Holem, Frank. A prominent and popular businessman in Gardiner, Frank Holem rose up from the depths of the streets of Chicago. Going to work at an early age to help support his family, Frank hawked newspapers, shined shoes, and eventually acquired some blacksmith skills. At the age of 20 left the rough and tumble city streets and landed in Deadwood, SD around 1886 and found work horseshoeing. He moved to Montana in 1892 and Gardiner the following year to become an itinerant blacksmith. Around 1915 he established an automotive repair business and later added a gas station. By 1925 Holem and Henry J. Pilger were operating the Gardiner Garage on the corner of Second and Main streets in Gardiner. Frank's first wife, Margaret A. Williams died in 1918 and Frank married widow Minnie (Ball) Francis. Mr. Holem died January 2, 1940 and was buried in Mountain View Cemetery in Livingston.
Holm, Aron "Tex". Aron Holm, Tex Holm - See "Camps History."
Holmes, Elias Burton. Burton Holmes was a traveler and lecturer who published the classic 15-volume series “Burton Holmes Travelogues," first published in 1912. The books describe interesting and varied lands from around the world. Volume 12 is devoted to Yellowstone Park, along with the Grand Canyon and Moki Lands of Arizona. His Yellowstone travelogue describes life in Yellowstone in the early part of the twentieth century and contains pictures found in few, if any other published books on the park. He was born January 8, 1870 in Chicago to Ira and Virginia (Burton) Holmes and was educated at the Harvard School in Chicago. He traveled to Japan, Algeria, Morocco, Greece, Thessaly, Europe, Hawaii, the Philippines, China, and other countries. [Who's Who in America, 1902]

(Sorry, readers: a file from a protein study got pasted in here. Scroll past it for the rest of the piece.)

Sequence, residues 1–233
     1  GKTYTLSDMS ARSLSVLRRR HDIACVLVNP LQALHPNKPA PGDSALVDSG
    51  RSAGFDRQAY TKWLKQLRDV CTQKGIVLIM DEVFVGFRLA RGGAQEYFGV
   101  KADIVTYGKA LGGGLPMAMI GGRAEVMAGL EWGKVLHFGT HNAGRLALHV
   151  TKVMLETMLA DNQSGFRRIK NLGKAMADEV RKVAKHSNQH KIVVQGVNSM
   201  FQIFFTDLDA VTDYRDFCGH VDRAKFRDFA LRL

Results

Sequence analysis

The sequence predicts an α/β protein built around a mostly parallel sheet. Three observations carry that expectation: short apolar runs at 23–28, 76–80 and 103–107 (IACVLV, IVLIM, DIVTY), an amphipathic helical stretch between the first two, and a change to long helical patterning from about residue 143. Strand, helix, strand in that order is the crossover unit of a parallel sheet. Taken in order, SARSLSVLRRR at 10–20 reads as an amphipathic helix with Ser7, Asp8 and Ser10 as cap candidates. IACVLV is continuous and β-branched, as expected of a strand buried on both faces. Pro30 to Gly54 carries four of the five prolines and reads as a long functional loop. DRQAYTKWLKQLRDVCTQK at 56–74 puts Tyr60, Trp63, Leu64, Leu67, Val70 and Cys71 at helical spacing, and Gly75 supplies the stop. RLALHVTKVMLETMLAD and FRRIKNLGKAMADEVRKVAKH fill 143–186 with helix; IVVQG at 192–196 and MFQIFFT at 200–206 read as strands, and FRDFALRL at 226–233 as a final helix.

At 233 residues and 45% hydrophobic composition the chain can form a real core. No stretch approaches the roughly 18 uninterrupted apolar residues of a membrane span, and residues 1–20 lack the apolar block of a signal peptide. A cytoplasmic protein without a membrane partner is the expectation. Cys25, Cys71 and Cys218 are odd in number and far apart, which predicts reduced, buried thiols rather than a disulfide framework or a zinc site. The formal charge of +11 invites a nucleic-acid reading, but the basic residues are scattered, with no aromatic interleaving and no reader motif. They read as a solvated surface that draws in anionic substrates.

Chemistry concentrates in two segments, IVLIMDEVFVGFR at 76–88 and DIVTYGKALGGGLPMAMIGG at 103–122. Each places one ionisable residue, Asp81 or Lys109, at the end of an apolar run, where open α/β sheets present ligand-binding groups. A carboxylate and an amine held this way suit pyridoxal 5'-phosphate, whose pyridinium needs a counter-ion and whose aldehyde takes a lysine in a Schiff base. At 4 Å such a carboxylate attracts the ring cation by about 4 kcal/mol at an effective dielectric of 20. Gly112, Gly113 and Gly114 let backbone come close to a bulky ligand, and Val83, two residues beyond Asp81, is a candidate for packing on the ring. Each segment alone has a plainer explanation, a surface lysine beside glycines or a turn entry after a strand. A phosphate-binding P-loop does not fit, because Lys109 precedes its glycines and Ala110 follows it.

Holmes, William Henry. W.H. Holmes was an anthropologist who was appointed artist for the 1872 Hayden Expedition and studied and illustrated various geologic phenomena in Yellowstone. He also assisted F.V. Hayden with geologic surveys in Colorado from 1872-74. From 1875-79 he continued his studies in Colorado and the southwest, including many of the cliff ruins of ancient Native Americans. He became curator for the aboriginal pottery department in the National Museum from 1882-93, while exploring artifacts of the southwest. He was later curator at the Columbian Museum of Chicago and was head curator of anthropology at the National Museum in 1897. [The 20th Century Biographical Dictionary of Notable Americans, 1902]